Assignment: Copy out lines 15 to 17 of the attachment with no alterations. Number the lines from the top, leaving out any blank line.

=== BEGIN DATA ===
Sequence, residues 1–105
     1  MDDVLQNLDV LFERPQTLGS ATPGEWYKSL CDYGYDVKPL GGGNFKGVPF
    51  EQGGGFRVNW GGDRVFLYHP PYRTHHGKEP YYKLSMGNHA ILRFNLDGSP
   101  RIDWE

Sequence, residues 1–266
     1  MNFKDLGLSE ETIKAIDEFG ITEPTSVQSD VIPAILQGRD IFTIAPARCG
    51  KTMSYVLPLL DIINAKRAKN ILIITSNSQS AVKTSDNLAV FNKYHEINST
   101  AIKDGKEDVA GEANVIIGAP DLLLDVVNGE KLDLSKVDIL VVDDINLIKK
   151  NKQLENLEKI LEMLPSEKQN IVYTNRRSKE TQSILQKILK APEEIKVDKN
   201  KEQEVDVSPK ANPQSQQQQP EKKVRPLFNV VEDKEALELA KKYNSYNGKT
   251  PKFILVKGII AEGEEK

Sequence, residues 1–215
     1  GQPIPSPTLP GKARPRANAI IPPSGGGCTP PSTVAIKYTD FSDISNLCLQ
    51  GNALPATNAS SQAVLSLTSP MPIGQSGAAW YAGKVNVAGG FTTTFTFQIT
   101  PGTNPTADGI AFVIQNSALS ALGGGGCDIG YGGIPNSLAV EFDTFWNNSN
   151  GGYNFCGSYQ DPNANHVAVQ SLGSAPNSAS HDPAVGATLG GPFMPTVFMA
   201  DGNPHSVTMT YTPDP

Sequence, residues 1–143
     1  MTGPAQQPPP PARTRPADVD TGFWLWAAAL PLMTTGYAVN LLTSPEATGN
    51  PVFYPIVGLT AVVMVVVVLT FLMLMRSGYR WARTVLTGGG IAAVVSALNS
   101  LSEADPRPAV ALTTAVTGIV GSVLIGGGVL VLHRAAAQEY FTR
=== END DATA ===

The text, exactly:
   101  PGTNPTADGI AFVIQNSALS ALGGGGCDIG YGGIPNSLAV EFDTFWNNSN
   151  GGYNFCGSYQ DPNANHVAVQ SLGSAPNSAS HDPAVGATLG GPFMPTVFMA
   201  DGNPHSVTMT YTPDP